In 2001-2002 a friend of mine worked to bring youth serving organizations and agencies in Reno County, Kansas together. As Director of YouthFriends, a youth mentoring program in county schools, she thought a National Mentoring Month in February was something we would all support. She was correct.
She prepared a Youth Mentoring Month Proclamation which was presented at a County Commissioners meeting the first of February for several years. The Girl Scouts provided cookies and several girls in uniforms to pass them out. Boy Scouts, Big Brothers/Big Sisters, Boys and Girls Club, 4-H, YMCA and several after school programs were represented.
In 2005, President George W. Bush announced January as National Mentoring Month. We moved our events and proclamations up one month. Obviously we had a good idea. President Barack Obama has proclaimed January 2011 as Youth Mentoring Month. A good idea continues.
For many years I was a leader in the youth mentoring/developing young leadership profession. I know how important caring adults are to children and youth. At the same time, I understand the need to take care of self and not over commit ourselves so we can remain caring adults. Balance in all things is my mantra these days.
In December I was speaking with a young woman I have known since we moved back to Illinois. She is an Alderman in our city and a longtime friend to Girl Scouts. She mentioned she had not been able to find anyone to help her with a troop last fall. I only hesitated for a minute. The timing was right and I do know how to help with Girl Scouts. I volunteered to help her start the troop up again with the goal of finding other volunteers to continue with the troop. We met with the parents and our Girl Scout area professional. There are several possibilities among the parents.
The troop is registered with seven third graders. They have made Snowmen magnets for the local retirement center and sang songs and are selling cookies. The girls are all pleased to be at the meetings and they are looking out for each other already. We are making Valentines and practicing songs to sing for the retirement center residents. Sharing the responsibilities with my friend and the other parents lightens the amount the responsibility we have for these young ladies. I am delighted that all I have to do is help them organize the calendar, provide craft materials, sing and play games. We are having fun.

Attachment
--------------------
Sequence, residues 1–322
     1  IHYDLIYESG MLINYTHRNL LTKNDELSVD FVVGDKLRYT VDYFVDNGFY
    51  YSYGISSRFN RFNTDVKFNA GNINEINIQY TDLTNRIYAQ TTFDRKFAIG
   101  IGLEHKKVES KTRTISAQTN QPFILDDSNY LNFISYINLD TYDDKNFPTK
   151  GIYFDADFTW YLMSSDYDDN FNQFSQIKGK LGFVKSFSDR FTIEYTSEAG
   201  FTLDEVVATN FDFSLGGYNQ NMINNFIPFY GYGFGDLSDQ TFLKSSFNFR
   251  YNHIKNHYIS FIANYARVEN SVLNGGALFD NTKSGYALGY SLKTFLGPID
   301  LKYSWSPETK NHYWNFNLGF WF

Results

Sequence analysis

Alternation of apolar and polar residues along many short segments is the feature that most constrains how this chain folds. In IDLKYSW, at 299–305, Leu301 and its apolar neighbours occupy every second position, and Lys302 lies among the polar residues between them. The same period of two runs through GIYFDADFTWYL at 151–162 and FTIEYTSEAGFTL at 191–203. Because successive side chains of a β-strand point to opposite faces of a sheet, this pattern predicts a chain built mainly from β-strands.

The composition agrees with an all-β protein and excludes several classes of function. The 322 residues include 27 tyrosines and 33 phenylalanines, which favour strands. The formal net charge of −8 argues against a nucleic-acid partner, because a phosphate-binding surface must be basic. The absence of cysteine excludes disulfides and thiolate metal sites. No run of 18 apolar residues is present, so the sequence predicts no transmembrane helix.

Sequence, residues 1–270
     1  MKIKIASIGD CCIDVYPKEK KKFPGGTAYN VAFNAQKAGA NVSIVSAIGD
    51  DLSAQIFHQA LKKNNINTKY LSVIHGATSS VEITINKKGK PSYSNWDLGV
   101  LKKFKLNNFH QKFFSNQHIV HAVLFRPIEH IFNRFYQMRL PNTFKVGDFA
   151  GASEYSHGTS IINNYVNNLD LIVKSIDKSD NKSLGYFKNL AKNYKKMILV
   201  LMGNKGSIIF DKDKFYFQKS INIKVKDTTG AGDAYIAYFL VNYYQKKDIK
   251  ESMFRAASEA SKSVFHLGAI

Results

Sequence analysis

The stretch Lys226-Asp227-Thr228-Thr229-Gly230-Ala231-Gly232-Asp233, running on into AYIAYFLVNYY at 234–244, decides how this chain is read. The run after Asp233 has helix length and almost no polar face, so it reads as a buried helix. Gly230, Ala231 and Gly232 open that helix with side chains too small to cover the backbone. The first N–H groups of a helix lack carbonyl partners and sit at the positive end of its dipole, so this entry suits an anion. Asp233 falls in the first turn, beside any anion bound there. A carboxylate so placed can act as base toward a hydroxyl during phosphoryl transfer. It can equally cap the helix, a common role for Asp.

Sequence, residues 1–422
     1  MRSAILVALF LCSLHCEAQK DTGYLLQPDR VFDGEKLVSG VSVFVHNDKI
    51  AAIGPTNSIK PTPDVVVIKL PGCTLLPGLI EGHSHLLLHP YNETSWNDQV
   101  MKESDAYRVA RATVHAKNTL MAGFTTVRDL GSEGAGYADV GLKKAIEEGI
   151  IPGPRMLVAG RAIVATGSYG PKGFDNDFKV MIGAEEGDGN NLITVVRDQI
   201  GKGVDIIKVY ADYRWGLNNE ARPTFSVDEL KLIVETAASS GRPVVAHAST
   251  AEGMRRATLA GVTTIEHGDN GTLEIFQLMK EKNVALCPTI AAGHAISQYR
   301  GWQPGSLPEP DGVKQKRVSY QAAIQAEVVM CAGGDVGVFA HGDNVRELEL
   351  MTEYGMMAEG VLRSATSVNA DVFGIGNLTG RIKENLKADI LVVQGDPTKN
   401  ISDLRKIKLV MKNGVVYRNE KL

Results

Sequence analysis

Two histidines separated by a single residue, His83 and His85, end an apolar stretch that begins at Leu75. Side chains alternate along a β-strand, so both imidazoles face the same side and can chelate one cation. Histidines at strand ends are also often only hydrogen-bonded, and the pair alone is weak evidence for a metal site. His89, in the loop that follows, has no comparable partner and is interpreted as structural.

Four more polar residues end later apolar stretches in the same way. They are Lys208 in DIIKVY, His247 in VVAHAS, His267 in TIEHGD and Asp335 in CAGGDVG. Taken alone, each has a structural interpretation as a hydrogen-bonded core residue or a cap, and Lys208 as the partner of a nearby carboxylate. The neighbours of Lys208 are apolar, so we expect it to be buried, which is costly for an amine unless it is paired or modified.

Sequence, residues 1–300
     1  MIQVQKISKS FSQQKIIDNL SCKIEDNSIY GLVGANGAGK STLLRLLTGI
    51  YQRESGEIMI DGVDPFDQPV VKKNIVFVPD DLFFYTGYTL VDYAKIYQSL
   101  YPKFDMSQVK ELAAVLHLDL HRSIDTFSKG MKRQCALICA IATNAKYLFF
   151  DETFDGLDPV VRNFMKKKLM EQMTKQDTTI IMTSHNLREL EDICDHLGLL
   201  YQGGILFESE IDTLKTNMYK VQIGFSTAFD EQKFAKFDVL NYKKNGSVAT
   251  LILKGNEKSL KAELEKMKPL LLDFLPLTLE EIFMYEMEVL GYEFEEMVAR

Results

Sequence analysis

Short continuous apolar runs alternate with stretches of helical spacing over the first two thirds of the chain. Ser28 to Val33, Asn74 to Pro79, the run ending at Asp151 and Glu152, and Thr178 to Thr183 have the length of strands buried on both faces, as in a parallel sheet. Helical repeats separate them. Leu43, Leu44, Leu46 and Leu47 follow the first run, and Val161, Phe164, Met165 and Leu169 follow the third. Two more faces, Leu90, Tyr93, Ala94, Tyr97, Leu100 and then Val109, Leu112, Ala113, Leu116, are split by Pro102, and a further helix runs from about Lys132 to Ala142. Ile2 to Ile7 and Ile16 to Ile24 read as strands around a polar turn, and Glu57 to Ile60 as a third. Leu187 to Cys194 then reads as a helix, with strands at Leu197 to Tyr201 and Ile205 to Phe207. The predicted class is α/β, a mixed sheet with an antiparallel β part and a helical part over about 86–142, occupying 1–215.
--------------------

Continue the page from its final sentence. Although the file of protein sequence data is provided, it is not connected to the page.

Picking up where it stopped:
There are other opportunities to volunteer. Be a tutor for a student through your local school district. Volunteer with an afterschool program. Be a Big Brother or a Big Sister. Volunteer with a local Boys and Girls Club. Check in with your local Communities in Schools programs. Be a Sunday School teacher. Provide the home where your children’s friends want to hang out. Create your own opportunity to be a caring adult in a child’s life.
The difference you make in a life might be your own…….
Mentoring Youth has positive results and research to back it up. “Researchers at the Search Institute identified “adult role models,” “supportive relationship with three or more other adults,” and “adults in community valuing youth” as essential to youth’s health and well-being (Benson, et al., 1998) and access to “ongoing relationships with caring adults” constitutes one the Five Promises of the Alliance for Youth. Moreover, researchers working from within a risk and resilience framework have repeatedly called attention to the protective influence of supportive relationships with adults (Masten & Coatsworth, 1998; Garmezy, 1985; Werner & Smith, 1982). Rutter & Giller (1983) highlighted the importance of “one good relationship,” and Gamezy (1985) discussed the critical importance of significant adults in promoting the healthy development of highly stressed youth.” Rhodes (2001)
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